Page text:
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The goal of this project is to explore File I/O, functions, and to create a word counter in Ruby. 

Task 1: File I/O

The first task required me to explore how to interact with standard in, standard out, reading files and writing files in Ruby.  Ruby has built in support for reading files, although there is a csv package that can be imported to make it easier to read csv files (for example, it has built in functions to read in each line as a list).  Ruby can read various kinds of text files, for example, text files (where filename is the name of a text file from the command line):

Binary files, like pdfs:


And csv files, which are also text files but have their own package to help read them:

The user can input information to the command line interactively, although I found it can get confused if this is used in a program where another text file is being read.  Therefore, I made a separate program task1b.rb that shows user interaction:

This outputs:

The main difference between files and strings in Ruby is how they are collected.  Files need to be opened, and each line is collected from the file using the gets command.  Once a line has been read in, however, it is treated as a string that can be concatenated with another string and the chomp function can be called on it (which takes off the end of line character from a string). 

The output of task1a is:


And the output of writing to a file:


Task 2: Functions

The second task in this project was to investigate functions in Ruby.  Functions in Ruby do not need to have return types.  Unlike functions in C and Java, their return types are not given with the function declaration so functions can return nothing or more than one type:

As the previous function shows, functions in Ruby can be overloaded since the types of the parameters aren't specified.  The previous function can be used on strings and integers, and the two different versions of the function are differentiated by the type of argument given as the parameters.  Ruby operators (like +, -, etc) can also be overwritten to have additional meanings on different types as the old function.  These meanings are differentiated by the types of the variables it is called on.  For example, the + operator is overloaded here in a class:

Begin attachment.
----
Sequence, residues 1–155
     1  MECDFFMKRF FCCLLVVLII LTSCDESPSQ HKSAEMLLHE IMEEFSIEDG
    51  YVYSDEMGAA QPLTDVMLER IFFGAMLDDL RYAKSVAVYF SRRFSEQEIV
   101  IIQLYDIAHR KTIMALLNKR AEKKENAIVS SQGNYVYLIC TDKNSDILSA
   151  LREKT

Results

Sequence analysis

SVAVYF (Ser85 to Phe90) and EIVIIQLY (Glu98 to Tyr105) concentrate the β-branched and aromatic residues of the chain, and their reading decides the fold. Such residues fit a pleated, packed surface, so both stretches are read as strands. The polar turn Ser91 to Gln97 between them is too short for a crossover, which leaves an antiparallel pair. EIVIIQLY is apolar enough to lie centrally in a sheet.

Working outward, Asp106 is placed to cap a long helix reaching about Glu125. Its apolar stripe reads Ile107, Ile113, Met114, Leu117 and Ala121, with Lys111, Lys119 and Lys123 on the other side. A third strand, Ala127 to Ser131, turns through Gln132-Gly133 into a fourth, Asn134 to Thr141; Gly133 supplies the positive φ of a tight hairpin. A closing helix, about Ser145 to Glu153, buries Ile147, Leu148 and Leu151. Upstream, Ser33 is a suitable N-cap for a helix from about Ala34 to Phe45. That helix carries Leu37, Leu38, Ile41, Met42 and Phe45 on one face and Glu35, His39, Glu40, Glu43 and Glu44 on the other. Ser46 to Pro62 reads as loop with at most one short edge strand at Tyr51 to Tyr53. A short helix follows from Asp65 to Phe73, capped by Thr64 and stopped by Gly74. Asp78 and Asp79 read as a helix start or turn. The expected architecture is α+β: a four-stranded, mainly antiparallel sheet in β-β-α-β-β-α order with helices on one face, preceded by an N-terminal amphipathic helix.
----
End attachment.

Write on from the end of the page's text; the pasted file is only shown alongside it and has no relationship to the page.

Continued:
Ruby does allow functions to be defined for any number of arguments using the *args parameter.  args is a list that can be iterated through to gather all arguments given at a function call.  For example:

Ruby also can dynamically create functions.  In the example I gave, the member functions for a class are dynamically created so there is not a need for a get method for each field in the class:

This creates methods brown?, black?, and white? that returns whether the dog object is that color.  

Functions in Ruby can also be overriden to given it a new definition.  For example:

The first hello calls the first version of the hello function and the second hello calls the updated version of the hello function. 

And finally, functions can be called in other functions as long as they are defined first.  For example, 

add(3,4) cannot be called in hello because add is defined after hello.  Functions can be used in other files by loading the file where the function is defined into the file where the function is used.  For example: 

Note that any functions called in task2a that are not enclosed in another function are called when task2a is loaded. 

The output for task2a is:

And the output for task2b is:

Task 3: Word Counter

The third task for this project was to create a word counter to count the number of occurrences of each word in a text file (ignoring case and punctuation). I used an array to keep a pair of the word and the number of times it appear.  

It starts by opening the file given on the command line, and reads each line, splitting the line by whitespace and then making sure each word is all lowercase and removing all punctuation.  Then once all of the words are in a list, I make a final list by looping through the words and for each word checking to see if it is already in the final list and if it is, then I increment its associated number and if not, I add it to the list with a number 1.  Then I use the qsort algorithm from project 4 with a new compare function to compare each words number so the final list is sorted from most common word to least common word.  Then I print either the first twenty words that appear or the whole list if it has less than 20 words.  

This is the output when the program is called on wctest.txt:


  1.  I added to the word counter so that it throws an error if exactly one file is not given to the program or if the file given is not able to be opened:
  2. The second extension that I completed was to write a haiku about reading from a text file:

    This output:
  3. The third extension that I completed was to determine how to read in a text file from the internet using its URL.  This required the module open-uri, but then the opening and reading process was not that much different than a usual text file:

    This outputs:



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